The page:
Wouldn’t that have been an excellent moment to ask Benjamin about his vote in the Blankenship case? Of course it would have been if the paper was trying to inform the public instead of just giving Benjamin a public forum and some publicity.
The pattern continues with today’s interview of State Republican Chairman Robin Lucas – he’s a friendly source and so he gets softball questions and no follow-ups on any of his assertions. An example:
Has anyone done a spending breakdown on the legislative races? Were Republicans outspent, or vice versa? Or was spending fairly even?
Lucas: We're always outspent. We're used to that. There are a few different ways to look at it. You have to look at the candidates themselves, the parties, and then the outside groups that have already disclosed and the outside groups that haven't.
Lucas later hedges what he has asserted but is not pressed on any of it. I checked (something the interviewer could also have done) and the WV state legislative spending numbers are still incomplete. If the numbers aren’t out there, how would Lucas know what the Democrats and Republicans spent on local elections? This question wasn’t meant to elicit a real answer; it was asked to allow Lucas an opportunity to assert anything he pleased – in this case, how Republicans triumphed even though they were "outspent" by the Democrats.
Here’s a final thought for the News-Register. Why don’t you invite the Chairman of the Democratic Party for a Sunday Sit-Down about this election and toss him some softballs? I’m sure I’m not the only one who would be interested.
Liberals are at it again
Okay, folks, a show of hands - who didn’t think this was coming? Yesterday’s lead editorial tells us that "Liberals Go All Out for Control." Since we’ve seen slightly different forms of this editorial/Myer’s column many times before, I’ll try to keep it relatively brief. It begins:
Independent liberal organizations are going all-out - both in spending and character assassination - in an attempt to keep Republicans from taking control of the West Virginia House of Delegates.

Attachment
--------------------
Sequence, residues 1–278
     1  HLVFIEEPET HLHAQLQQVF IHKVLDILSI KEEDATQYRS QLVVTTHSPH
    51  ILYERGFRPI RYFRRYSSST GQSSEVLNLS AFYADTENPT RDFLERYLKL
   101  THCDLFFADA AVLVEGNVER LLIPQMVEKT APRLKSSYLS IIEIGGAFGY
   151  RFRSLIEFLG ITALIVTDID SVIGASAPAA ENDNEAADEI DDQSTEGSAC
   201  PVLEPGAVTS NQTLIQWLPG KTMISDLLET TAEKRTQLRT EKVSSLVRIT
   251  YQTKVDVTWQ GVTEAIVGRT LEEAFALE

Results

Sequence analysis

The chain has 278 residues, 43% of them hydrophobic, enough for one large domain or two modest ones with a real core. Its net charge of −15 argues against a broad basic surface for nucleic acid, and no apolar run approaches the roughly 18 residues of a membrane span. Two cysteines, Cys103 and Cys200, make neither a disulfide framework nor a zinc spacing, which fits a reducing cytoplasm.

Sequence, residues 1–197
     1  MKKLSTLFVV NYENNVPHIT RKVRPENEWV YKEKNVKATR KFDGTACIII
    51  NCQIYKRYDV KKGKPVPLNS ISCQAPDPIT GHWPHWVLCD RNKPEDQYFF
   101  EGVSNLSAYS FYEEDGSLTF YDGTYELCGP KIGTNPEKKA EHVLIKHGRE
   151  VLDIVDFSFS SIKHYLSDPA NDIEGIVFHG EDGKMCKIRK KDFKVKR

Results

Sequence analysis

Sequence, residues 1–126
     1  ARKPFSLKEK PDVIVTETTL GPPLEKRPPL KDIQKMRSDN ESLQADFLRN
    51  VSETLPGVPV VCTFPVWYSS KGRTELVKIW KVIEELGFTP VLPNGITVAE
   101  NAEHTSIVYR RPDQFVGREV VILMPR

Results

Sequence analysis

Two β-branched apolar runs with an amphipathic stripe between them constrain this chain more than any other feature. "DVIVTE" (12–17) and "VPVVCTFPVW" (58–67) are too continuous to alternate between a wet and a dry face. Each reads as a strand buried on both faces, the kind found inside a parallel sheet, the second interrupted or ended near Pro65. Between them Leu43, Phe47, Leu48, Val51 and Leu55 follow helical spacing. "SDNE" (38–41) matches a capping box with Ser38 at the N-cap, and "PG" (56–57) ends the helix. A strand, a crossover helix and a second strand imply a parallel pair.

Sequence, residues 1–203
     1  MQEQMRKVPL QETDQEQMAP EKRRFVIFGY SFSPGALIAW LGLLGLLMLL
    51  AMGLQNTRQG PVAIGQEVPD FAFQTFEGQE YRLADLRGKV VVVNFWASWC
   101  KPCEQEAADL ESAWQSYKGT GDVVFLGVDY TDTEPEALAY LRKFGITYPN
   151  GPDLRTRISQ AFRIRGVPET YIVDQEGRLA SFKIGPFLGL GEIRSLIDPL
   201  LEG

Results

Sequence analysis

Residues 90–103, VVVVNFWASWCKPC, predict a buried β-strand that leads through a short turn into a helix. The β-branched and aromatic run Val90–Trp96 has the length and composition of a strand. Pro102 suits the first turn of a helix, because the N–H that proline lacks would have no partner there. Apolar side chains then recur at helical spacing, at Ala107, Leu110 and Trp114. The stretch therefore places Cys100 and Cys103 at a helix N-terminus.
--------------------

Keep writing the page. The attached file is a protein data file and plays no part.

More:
While they normally support Democrat candidates, their campaign this year is especially harsh, well-funded and comprehensive. It often uses mudslinging advertising directed against Republican candidates for the House.
1. the headline is funny and an insult to the reader’s intelligence – it’s only liberals who are going all out for control. I guess Republicans would never want control unless they won it in a genteel and dignified manner.
2. As I argued last week, calling someone or some group a "mudslinger" without telling us what they said and why it’s an example of mudslinging is just another form of mudslinging.
3. Without any evidence, the editorial tells us that it is liberals that are doing this. I guess for its core audience, calling someone a liberal is like calling someone a communist sixty years ago – we don’t need proof but we just know it’s bad. (And of course, it could never be considered "mudslinging.")
4. Since the editorial mentions only Democratic groups that are putting money into various campaigns, we can assume that Republicans would never let some outside group run negative ads against Democrats. Yeah, right – this took all of two minutes to find (in the conservative Charleston Daily Mail of all places):
West Virginia Citizens Against Lawsuit Abuse has spent almost $202,000, mostly on mailings attacking Democrats and boosting Republicans. The group fault Democrats for taking campaign cash from trial lawyers. Del. Tim Manchin, D-Marion, is facing $20,800 worth of advertising attacks from the group.
And of course, none of these Republican-supporting groups would ever break the law:
Also Thursday, Hensley filed election complaints against Grow West Virginia Inc. and Campaign for Liberty, two political action committees targeting Democrats running for House and Senate seats.
Grow West Virginia PAC has spent more than $100,000 on direct mailers and ads to oust Democrats in recent weeks, but hasn’t filed any reports with the Secretary of State’s Office since Oct. 14, Hensley’s complaint alleges. (Hensley is caucus director for the House Democratic Legislative Committee.)
Both the editorial and the Myer column would have you believe that only Democrats use outside money to attack their opponents even though they know that’s not true. It doesn’t bother them because they have an election to win. For the propagandist, truth is irrelevant - the ends justify the means.